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Nancy Grace

Woman Dies on ER Waiting Room Floor Ignored by Hospital Staff

Aired July 01, 2008 - 20:00   ET


NANCY GRACE, HOST: Breaking news tonight. The desperate search for a beautiful 12-year-old Vermont girl who vanishes into thin air after reportedly being dropped off at a local convenience store to meet up with a little friend, 12-year-old Brooke Bennett captured on grainy surveillance video just moments before she vanishes. Bombshell. The investigation leading police and now the FBI straight to Bennett`s own stepfather, along with the girl`s uncle, on unrelated charges of sex assault on a minor.
And tonight, a stunning twist. Are both arrests now connected to a child sex ring, luring underage girls by Internet? Are there more victims? Tonight, where is 12-year-old Brooke Bennett?


UNIDENTIFIED FEMALE: I love you, Brooke. I`m not mad. I just want you home.

UNIDENTIFIED MALE: Brooke Bennett`s uncle a convicted sex offender. He`s already a person of interest in her disappearance. And now today we learn Brooke`s stepfather, Ray Gagnon -- he`s been arrested.

UNIDENTIFIED MALE: The Vermont State Police have arrested Ray Gagnon of San Antonio, Texas, for aggravated sexual assault, which is in conjunction with the Jacques arrest.

UNIDENTIFIED MALE: The FBI is in the process of bringing Mr. Gagnon over to the federal side on charges of obstruction of justice related to the destruction of evidence related to this investigation.


GRACE: Also tonight: Dying in plain sight. A young woman in intense pain collapses face down in the hospital waiting room, writhing in pain, the patient waiting in the emergency room untreated for a full 24 hours, the ER staff refusing to treat her. Highly disturbing video now released. It even catches at least three hospital staffers -- repeat, three staffers -- walking just steps away from the woman on the floor as she lay dying. They do nothing! To top it all off, did hospital staff actually doctor records to cover up? When will prosecutors take action?


UNIDENTIFIED FEMALE: According to the New York Civil Liberties Union, 49-year-old Esmin Green was already sitting in the ER for almost 24 hours when she collapses onto the floor at 5:32 AM, Green falling face down right in front of a security guard`s window, writhing on the floor, completely unnoticed, that window taped up with paper so security guards don`t have to look out.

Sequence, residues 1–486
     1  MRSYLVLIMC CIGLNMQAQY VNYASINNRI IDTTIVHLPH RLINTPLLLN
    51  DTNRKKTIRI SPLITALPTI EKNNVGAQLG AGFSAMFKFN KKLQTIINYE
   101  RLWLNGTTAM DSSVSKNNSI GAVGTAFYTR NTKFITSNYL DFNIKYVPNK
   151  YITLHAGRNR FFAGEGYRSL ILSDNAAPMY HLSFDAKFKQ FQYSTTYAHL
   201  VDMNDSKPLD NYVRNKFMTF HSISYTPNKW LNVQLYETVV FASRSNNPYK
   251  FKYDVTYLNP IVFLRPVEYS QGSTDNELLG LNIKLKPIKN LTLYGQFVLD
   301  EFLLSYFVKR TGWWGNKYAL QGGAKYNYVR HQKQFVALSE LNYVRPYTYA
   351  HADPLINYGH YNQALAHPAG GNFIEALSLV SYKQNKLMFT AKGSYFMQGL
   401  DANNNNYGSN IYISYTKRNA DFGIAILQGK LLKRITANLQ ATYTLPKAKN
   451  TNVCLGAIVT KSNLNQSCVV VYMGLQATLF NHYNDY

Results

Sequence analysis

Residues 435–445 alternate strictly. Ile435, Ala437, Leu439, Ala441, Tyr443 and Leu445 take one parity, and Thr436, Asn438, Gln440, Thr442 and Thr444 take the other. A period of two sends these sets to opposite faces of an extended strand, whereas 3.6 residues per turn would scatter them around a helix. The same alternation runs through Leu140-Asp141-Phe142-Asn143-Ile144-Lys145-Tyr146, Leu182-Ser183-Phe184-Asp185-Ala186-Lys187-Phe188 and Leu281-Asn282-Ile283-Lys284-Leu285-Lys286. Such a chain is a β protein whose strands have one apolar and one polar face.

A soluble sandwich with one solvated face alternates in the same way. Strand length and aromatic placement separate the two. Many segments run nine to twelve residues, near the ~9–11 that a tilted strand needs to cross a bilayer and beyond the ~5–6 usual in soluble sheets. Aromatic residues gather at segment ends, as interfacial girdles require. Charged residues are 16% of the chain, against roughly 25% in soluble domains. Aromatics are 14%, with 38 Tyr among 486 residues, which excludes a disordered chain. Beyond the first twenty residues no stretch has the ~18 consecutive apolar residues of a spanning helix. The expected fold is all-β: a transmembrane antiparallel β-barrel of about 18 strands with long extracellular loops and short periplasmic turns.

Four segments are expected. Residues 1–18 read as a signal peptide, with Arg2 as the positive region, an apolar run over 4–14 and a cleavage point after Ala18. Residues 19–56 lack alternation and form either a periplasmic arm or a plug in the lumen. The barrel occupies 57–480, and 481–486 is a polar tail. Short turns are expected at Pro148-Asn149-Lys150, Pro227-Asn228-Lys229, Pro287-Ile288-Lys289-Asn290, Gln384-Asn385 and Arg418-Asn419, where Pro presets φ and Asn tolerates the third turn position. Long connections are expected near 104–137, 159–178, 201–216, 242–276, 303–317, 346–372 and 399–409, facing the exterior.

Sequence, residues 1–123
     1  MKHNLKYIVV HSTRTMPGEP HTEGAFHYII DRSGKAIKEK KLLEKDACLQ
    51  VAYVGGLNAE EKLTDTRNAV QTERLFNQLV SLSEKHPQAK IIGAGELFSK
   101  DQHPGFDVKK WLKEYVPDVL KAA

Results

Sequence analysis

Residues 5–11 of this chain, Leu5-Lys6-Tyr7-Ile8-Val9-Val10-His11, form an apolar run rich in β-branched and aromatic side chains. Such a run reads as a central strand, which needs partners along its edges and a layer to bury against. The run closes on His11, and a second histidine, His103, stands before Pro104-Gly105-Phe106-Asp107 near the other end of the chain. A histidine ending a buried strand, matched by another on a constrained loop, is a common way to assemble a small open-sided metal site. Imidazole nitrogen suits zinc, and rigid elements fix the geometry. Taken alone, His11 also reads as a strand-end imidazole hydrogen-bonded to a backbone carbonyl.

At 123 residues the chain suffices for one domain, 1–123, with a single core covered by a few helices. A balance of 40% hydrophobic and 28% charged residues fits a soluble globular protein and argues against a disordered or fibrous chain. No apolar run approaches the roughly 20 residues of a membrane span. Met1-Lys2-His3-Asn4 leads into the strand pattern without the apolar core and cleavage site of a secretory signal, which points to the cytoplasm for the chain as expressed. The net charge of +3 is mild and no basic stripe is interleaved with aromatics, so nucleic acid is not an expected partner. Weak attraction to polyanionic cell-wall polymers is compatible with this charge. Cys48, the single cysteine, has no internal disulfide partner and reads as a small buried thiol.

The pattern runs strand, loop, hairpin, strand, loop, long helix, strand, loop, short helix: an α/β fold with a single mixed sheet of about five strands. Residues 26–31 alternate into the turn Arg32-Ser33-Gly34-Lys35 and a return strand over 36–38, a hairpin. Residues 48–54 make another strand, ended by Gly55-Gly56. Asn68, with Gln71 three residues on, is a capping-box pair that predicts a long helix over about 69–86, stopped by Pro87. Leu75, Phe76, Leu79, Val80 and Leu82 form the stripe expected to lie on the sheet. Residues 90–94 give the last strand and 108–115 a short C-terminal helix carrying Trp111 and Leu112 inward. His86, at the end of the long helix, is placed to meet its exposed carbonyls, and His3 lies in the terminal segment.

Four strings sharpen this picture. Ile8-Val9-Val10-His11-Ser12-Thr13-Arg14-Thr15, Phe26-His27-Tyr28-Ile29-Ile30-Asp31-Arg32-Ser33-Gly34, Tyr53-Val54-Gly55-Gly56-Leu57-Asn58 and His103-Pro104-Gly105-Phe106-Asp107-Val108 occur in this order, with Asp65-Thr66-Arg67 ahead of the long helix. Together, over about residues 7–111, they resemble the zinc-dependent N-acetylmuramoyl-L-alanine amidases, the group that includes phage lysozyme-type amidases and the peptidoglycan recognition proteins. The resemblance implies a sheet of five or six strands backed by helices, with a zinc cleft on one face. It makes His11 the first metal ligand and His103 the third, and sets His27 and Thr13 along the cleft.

Twenty minutes later, a guard strolls up, possibly to catch what`s on an overhead TV, but does nothing. The patient, trapped under plastic benches just can`t get up, having multiple spasms. 6:07 AM, Green is dead. Other patients approach the nurses` station, but nothing is done. And minutes later, another security guard rolls his chair into the room, sees Green on the floor but still does not help her, that guard not even standing up, just wheeling himself away.

6:35 AM, two hospital staff members finally show up and find Green unresponsive. The security guard, still on wheels, rolls back in to check it out, finally lifting himself from the chair and checking for a pulse. The crash cart and a gurney rolled out, but it`s one full hour after Green collapses, left to die.


GRACE: After seeing that video again, I can hardly speak, the woman dead on the floor, all the people coming out and looking at her, one of them rolling out on a chair and rolling back to his guard house.

Good evening. I`m Nancy Grace. I want to thank you for being with us.

Breaking news tonight: The investigation of a 12-year-old Vermont girl who vanishes now leading police and FBI straight to Brooke Bennett`s own stepfather, along with her uncle, on unrelated charges of sex assault on a minor. Are both arrests connected to a child sex ring, luring underage girls by Internet?


UNIDENTIFIED FEMALE: This most recent arrest of Ray Gagnon, who we learned is Bennett`s former stepfather, is in connection to her uncle`s arrest. Now, police say Gagnon was arrested for aggravated sexual assault on a minor. They said that minor was not Brooke Bennett. But Gagnon was not arraigned in court this afternoon, as we expected. In fact, those charges never formally entered the court system, but he`s now facing other charges, and those charges are, indeed, federal charges. Vermont State Police said this afternoon they still consider Brooke Bennett`s uncle to be a person of interest in her disappearance.

UNIDENTIFIED MALE: Surveillance video showed Jacques with his niece in a convenience store last Wednesday. She`s not been seen since. She told family members she was going to meet a friend, visit a relative of the friend in the hospital.